LeVea’s Parole Denied – For Now

William LeVea's 2009 mugshot at left, and most recent prison mugshot April 2014.

William LeVea, the Fulton man who recklessly caused the death of Christopher Spack when he repeatedly rammed his vehicle into the man’s pickup truck, has been denied a request for an early release from prison.

William LeVea's 2009 mugshot at left, and most recent prison mugshot April  2014.
William LeVea’s 2009 mugshot at left, and most recent prison mugshot March 2014.

Tuesday morning (May 27) Cayuga County District Attorney Jon Budelmann released information received from the New York State Department of Corrections and Community Supervision that the parole board denied the convicted man’s request for early release on medical parole.

“Our office joins the family of Christopher Spack, Bradley Leyburn, Patrick Walton, and all of the other victims, and families of victims of William LeVea’s violent history, in thanking the public for the overwhelming show of support that helped defeat this defendant’s application for early release,” the DA said in his statement.

Donna Williams, who was Spack’s girlfriend, and spearheaded a Moveon.org petition to help keep LeVea in prison, said she was overwhelmed when she heard today’s news.

The online petition generated more than 3,000 signatures and was presented to the parole board to be considered as part of its decision process.

“I was happy and sad all at once,” Williams told Oswego County Today. “Happy LeVea won’t be released, sad Chris still isn’t here.”

During his trial, LeVea acknowledged that the District Attorney could prove beyond a reasonable doubt that on Nov. 20, 2009, at about 6:35 p.m., while driving westbound on Route 370 (east of Route 176) in the town of Cato, he recklessly and repeatedly rammed his car into the back of Spack’s 2000 Ford Ranger.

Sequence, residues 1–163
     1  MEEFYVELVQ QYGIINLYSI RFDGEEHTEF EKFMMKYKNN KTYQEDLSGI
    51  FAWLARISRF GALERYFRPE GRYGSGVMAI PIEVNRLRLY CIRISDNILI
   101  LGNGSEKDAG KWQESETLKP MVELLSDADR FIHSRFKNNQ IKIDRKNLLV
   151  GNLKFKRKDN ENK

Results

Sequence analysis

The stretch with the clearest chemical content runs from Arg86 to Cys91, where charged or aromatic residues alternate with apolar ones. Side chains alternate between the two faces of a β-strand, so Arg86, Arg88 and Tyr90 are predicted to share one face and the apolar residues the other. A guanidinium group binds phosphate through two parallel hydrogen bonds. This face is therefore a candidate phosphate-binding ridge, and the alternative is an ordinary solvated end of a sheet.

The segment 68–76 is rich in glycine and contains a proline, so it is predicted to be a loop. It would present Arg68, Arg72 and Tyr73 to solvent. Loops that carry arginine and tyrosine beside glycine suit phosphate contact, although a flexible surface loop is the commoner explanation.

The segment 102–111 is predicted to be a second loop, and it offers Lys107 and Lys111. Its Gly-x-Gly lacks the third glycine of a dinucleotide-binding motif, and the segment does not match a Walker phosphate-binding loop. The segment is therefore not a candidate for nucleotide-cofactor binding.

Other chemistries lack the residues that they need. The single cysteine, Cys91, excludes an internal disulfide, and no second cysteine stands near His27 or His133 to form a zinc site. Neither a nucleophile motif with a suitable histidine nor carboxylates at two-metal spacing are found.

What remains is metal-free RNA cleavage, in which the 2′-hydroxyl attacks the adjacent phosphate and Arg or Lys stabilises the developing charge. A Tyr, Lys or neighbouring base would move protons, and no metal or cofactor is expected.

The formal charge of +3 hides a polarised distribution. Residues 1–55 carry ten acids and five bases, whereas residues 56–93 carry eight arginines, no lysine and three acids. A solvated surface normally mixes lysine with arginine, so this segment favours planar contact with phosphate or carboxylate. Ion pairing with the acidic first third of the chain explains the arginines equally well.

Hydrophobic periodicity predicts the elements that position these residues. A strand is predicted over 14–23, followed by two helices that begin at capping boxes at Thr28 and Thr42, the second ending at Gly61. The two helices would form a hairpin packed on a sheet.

During a Cayuga County Court hearing in January 2010, Assistant District Attorney Diane Adsit said Spack was rammed by LeVea on Plainville Road in Onondaga County. She said Spack could be heard asking for help on E-911 recordings leading up to the crash in Cayuga County, and telling E-911 officials that he did not know who was chasing him or why they repeatedly rammed him whenever he tried to stop or pull over.

On the E-911 recording, “You hear the vehicle being rammed by the defendant,” Adsit said.

Williams said Spack was on the way to her house the night of the fatal crash. “I was the last person to talk to Chris,” Williams told Oswego County Today. “I heard everything on the phone that was happening, I went to the scene of the accident. I was so glad his family didn’t see what I did.”

It was revealed during the trial that the last time LeVea hit Spack’s truck they were driving at approximately 80 miles per hour.

The impact sent the truck spinning into oncoming traffic where the victim’s vehicle was struck by Leyburn’s Chevy Silverado, ripping Spack’s truck in half, ejecting and instantly killing the father-of-two.

Meanwhile Leyburn suffered a serious ankle injury during the collision and his 16-year-old passenger was not physically injured.

LeVea, now 83, was convicted of aggravated vehicular homicide and driving while intoxicated.

In March 2011 he was sentenced to serve 6-18 years at Livingston Correctional Facility.

When Williams learned that LeVea was seeking an early release from prison for medical reasons, she said at first she was speechless, then felt the need to be Spack’s voice so the community could help show the parole board what a disservice that would be.

“I became furious,” she said. “How can they let a murderer free because he is ‘sick’? I couldn’t let the justice system fail us. This man is a repeat offender and has no remorse. I knew I had to do to something not only for Chris but for his children.”